Niki Ashton may have claimed the seat in the House of Commons for the NDP, but the real winner in Churchill-Keewatinook Aski in the Sept. 20 election was apathy.
As of results up to about noon Manitoba time on Sept. 22, 17,128 people had cast ballots in the election, with Ashton’s name marked on 7,323 of them, compared to 4,265 for Liberal candidate Shirley Robinson. That pushed voter turnout up to about 34.5 per cent. With five polls still to be counted, less than six per cent of the total, it seems quite likely that the odds someone voted in this electoral district will end up being nearly two to one against. Even for a riding in which recent elections have seen fewer than half of eligible people vote most of the time, the 2021 edition marks a significant low water mark.
Based on the current numbers, this week’s election will go down as the only one in the last nine with turnout of less than 40 per cent. It will also be one of only three* since 1997 in which fewer than 20,000 residents marked ballots. The last time that happened was in 2008*. Prior to that, there hadn’t been a general election in what was until 2015 known as the Churchill riding with under 20,000 votes since 1958. The last time fewer people in the riding cast ballots than on Monday was in 1957, before there was such a place as Thompson in the district.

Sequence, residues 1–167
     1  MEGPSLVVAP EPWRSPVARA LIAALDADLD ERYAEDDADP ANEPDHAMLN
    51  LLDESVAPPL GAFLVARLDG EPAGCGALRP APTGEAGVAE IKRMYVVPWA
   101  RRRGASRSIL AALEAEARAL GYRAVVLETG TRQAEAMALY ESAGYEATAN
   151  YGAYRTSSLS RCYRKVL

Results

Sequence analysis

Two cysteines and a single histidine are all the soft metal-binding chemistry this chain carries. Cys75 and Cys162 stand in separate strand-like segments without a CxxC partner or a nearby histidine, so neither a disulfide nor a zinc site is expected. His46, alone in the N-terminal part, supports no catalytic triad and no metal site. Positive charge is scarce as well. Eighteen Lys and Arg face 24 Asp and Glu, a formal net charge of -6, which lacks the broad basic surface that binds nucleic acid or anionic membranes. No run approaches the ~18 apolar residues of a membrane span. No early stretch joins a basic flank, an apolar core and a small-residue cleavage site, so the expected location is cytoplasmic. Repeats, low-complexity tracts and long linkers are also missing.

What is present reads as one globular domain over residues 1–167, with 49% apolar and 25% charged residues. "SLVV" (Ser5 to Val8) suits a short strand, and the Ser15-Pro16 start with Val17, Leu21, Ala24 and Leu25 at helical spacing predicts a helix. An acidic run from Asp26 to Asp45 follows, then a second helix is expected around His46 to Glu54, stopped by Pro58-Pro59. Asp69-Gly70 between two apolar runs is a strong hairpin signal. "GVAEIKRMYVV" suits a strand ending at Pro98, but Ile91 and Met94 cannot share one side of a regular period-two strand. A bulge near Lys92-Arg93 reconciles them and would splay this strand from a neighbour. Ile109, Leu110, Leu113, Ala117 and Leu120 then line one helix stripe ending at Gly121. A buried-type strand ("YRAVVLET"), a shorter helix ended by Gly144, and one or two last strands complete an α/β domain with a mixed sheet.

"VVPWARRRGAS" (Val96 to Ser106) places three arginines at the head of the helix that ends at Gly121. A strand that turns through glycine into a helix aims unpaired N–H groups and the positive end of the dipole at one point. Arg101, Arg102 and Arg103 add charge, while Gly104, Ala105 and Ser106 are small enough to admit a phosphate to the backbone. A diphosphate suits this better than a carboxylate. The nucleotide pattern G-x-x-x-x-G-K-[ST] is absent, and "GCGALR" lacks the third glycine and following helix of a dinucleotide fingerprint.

The number of people voting wasn’t the only thing that went south this election. Incumbent Niki Ashton received the lowest percentage of total votes – 42.8 – that she has in her five electoral wins but captured the seat, pretty handily, by earning the votes of only about 15 per cent of all eligible voters.
On the other side, Conservative candidate Charlotte Larocque captured the highest percentage for a candidate from her party since 2011.
* The original version of this article said there had only been one other election since 1997 in which fewer than 20,000 residents in the riding cast ballots and that the last time was in 2004. It has, in fact, happened twice previously since 1997, in 2004 and 2008. The Thompson Citizen apologizes for the errors. Other numbers and percentages have been changed from the original version to reflect updates vote counts.